When I first went to the M.E Clinic not long after I was diagnosed I had group therapy. They spoke to us about being assertive & said it wasn't such a bad thing to tell people that we weren't actually fine when they asked the 'how are you' question.  They said by acknowledging that actually we weren't great wasn't a bad thing & suggesting saying something along the lines of "I'm not too good today actually".

I took this concept on & it did help. I still sometimes tell people now when I'm not good if they ask. But most of the time I never really feel well anyway so if I told everyone how I really felt every time they asked (which is always the first question in conversation!) I'd do their heads in!  I find that it actually depresses me too if I always say how rubbish I feel!!  It's easier in a way just saying you're ok.  I suppose I choose who to say how I really feel to depending on who it is.  I probably do certain people's heads in actually, no need to name names as you know who you are (sorry)!!!

People who know me well though can tell straight away when I'm particularly bad if they see me in person, as I either look like a vampire with pale face & dark eyes (I do love vamps though!) or when they ask how I am I do a non convincing smile & say "I'm ok"!!  In fact that seems to be my automatic response, I seem to either say "I'm ok" or "not too bad".

When I speak to my fellow M.E sufferer friends & we ask how each other are, we understand when it's a rubbish day without having to explain.  My friend made me giggle the other day as I had sent her a message & asked the dreaded question! Her response was "pretty much average". And that totally sums up how every day is for us. It would be great to be able to say how well I felt when someone asked.  It never happens though!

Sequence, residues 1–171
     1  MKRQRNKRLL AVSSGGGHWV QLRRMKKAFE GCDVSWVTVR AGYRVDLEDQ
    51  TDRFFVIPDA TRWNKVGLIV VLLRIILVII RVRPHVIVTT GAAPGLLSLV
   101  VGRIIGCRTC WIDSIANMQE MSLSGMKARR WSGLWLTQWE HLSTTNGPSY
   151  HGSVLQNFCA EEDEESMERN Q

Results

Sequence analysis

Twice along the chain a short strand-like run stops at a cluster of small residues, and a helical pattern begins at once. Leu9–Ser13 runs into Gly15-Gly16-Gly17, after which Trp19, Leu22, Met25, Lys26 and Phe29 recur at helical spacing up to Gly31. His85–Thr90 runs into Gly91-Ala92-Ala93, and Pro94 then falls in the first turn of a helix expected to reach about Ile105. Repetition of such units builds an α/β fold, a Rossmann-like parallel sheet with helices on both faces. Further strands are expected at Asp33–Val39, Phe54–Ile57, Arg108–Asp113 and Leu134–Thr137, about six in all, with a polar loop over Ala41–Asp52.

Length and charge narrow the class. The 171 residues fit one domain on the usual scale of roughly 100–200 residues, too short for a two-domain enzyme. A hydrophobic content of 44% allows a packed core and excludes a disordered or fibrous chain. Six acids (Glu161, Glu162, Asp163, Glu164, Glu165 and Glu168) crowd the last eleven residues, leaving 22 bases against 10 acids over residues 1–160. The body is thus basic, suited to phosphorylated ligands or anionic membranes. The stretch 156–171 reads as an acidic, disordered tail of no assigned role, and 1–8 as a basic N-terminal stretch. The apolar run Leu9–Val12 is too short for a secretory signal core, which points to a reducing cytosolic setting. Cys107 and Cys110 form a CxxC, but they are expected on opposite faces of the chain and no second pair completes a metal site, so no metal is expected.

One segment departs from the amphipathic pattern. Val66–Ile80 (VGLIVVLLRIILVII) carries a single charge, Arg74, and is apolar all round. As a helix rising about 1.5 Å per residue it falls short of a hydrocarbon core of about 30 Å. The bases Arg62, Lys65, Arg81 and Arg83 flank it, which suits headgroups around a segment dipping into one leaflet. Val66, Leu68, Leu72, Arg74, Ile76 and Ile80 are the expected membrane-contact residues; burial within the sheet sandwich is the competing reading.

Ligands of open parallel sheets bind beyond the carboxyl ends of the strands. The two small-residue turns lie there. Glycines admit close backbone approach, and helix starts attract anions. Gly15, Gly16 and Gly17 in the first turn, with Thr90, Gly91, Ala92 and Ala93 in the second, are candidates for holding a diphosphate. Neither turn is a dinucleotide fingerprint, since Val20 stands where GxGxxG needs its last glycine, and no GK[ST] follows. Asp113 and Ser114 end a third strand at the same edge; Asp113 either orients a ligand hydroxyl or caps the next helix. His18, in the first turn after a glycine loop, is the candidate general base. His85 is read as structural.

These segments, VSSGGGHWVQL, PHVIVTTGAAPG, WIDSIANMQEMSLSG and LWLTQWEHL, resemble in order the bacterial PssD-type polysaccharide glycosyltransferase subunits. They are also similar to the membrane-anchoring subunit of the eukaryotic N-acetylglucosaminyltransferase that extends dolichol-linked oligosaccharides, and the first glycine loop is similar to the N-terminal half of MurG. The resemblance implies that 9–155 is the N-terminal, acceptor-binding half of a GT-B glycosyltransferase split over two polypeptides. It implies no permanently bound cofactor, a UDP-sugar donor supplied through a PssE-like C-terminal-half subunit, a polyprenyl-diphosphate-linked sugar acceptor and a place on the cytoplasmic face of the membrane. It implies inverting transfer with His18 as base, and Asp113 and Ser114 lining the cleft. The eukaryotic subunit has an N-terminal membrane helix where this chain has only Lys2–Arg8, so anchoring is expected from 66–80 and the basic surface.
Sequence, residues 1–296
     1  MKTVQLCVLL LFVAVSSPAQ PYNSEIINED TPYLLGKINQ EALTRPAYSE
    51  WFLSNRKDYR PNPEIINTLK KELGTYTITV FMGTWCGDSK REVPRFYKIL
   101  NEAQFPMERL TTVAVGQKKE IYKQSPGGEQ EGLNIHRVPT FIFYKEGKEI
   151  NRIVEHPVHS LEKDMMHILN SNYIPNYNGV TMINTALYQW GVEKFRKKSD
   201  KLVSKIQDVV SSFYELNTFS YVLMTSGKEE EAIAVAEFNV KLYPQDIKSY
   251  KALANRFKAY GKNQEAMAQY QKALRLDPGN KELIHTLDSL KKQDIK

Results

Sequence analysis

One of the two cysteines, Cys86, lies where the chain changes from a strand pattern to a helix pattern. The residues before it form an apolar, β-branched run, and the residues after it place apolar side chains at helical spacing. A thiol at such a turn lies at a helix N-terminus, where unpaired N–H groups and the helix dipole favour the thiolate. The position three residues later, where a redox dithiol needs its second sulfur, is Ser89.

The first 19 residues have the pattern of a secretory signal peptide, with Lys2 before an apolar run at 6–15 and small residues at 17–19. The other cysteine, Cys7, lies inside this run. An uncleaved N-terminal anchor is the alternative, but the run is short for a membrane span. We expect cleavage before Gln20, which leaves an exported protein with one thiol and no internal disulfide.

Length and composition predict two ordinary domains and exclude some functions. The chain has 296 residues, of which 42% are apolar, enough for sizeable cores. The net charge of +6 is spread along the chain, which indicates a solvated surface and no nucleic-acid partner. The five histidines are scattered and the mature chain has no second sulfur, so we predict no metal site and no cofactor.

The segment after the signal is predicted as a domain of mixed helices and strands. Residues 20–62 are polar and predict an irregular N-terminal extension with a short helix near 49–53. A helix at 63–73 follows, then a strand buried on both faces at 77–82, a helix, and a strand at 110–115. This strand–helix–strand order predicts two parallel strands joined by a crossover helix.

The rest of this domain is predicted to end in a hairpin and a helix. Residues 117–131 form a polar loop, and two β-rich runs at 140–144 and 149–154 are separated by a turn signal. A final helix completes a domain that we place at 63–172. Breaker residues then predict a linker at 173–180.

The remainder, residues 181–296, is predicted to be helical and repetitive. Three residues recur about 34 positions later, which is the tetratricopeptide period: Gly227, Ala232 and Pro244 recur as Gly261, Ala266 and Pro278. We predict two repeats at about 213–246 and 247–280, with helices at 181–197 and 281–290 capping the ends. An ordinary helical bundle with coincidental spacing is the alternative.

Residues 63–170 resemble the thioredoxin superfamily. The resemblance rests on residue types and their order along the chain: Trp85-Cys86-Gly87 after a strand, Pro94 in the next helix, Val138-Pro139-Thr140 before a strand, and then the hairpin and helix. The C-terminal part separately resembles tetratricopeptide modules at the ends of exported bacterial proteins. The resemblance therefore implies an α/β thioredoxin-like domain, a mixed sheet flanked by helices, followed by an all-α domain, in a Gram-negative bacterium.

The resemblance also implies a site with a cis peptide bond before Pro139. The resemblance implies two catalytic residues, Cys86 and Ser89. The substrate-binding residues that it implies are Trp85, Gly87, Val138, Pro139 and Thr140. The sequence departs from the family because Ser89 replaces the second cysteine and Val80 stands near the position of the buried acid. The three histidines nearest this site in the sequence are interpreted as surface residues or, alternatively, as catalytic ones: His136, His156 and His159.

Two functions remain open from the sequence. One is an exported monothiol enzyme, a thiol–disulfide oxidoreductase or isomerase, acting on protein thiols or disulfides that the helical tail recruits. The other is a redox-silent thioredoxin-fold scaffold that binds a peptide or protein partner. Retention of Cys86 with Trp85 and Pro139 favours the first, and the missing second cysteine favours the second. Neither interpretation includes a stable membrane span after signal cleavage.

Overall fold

It also doesn't mean that when I say I'm ok that I really am not as sometimes I do feel ok (it is a good word I think as it covers all bases!!).  No days are good ones, some are better ones but I've had this crappy illness long enough to just have to deal with it. I'm not saying I don't find it difficult as I still do but hey ho!

I have noticed recently that I use the term "it's a bleugh day" on my worse ones! I think it's a brilliant term to describe it :-D

So... if you know me & I tell you how I really feel when it's a rubbish day I guess you should feel honoured haha ;-)




I've talked a bit previously about having carers but I haven't gone into too much detail about it so thought I would talk a little more about it.

When my daughter was very tiny & I had relapsed with my M.E - see post here - it was suggested that I could get carers to help through Social Services.  My initial thought was 'no chance'!  I mean, how much more of a failure would that make me? To accept I couldn't cope with my illness AND a baby. As soon as you hear Social Services mentioned you automatically think the worst.  I didn't want my baby taking off me! The thought of having strangers in the house wasn't particularly appealing either .....how wrong I was though!

I spoke to a few people who knew a bit more about it all & soon realised that I actually probably would benefit from some help.  I self referred to adult Social Care & with support from my GP & Occupational Therapist at the M.E clinic who I had been seeing for a few years, I was assigned a social worker.  She came to do an assessment & couldn't have been more helpful.  She couldn't believe how much we had been struggling & it didn't take very long to put things in place.  When I realised what help we would get I was really emotional & very grateful.  My husband had been signed off work but needed to go back & my biggest problem was needing to rest regularly so I knew the baby would be safe while I did.

I was set up with Direct Payments which is when you get money from the council paid directly into an account which is used only to pay the carers.  My social worker had found a suitable care agency for me & I had a meeting with the owner when we worked out when I would be having care.   The carers, as well as watching my daughter while I rested, would be able to do housework, make food & drinks, go shopping for me, help me with my daughter as required & various other duties if I needed.